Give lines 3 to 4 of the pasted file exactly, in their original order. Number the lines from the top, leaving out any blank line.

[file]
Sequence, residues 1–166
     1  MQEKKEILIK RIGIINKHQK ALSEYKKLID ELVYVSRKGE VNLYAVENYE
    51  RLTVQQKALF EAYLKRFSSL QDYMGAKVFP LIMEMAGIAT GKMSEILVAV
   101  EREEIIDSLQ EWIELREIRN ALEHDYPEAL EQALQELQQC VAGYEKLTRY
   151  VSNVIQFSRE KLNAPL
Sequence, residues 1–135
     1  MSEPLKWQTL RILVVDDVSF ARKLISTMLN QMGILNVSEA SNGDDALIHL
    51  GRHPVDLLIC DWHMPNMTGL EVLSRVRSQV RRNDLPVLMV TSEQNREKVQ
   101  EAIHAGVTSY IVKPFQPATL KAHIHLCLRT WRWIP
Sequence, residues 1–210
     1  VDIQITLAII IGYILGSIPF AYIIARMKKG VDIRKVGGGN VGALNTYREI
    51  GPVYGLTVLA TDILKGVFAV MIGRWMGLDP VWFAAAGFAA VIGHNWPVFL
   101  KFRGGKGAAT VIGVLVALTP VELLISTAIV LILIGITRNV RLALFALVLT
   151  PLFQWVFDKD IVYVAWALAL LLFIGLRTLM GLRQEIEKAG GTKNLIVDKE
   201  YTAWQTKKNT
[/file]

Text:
    51  RLTVQQKALF EAYLKRFSSL QDYMGAKVFP LIMEMAGIAT GKMSEILVAV
   101  EREEIIDSLQ EWIELREIRN ALEHDYPEAL EQALQELQQC VAGYEKLTRY